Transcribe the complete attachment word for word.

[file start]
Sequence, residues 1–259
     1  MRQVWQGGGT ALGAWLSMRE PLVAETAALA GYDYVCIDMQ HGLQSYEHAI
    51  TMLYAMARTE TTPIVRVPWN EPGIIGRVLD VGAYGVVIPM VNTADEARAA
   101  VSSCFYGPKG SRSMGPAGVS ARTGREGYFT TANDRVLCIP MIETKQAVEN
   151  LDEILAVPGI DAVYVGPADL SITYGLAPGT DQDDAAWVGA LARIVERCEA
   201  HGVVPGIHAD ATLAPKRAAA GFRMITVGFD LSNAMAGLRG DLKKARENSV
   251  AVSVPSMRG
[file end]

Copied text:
Sequence, residues 1–259
     1  MRQVWQGGGT ALGAWLSMRE PLVAETAALA GYDYVCIDMQ HGLQSYEHAI
    51  TMLYAMARTE TTPIVRVPWN EPGIIGRVLD VGAYGVVIPM VNTADEARAA
   101  VSSCFYGPKG SRSMGPAGVS ARTGREGYFT TANDRVLCIP MIETKQAVEN
   151  LDEILAVPGI DAVYVGPADL SITYGLAPGT DQDDAAWVGA LARIVERCEA
   201  HGVVPGIHAD ATLAPKRAAA GFRMITVGFD LSNAMAGLRG DLKKARENSV
   251  AVSVPSMRG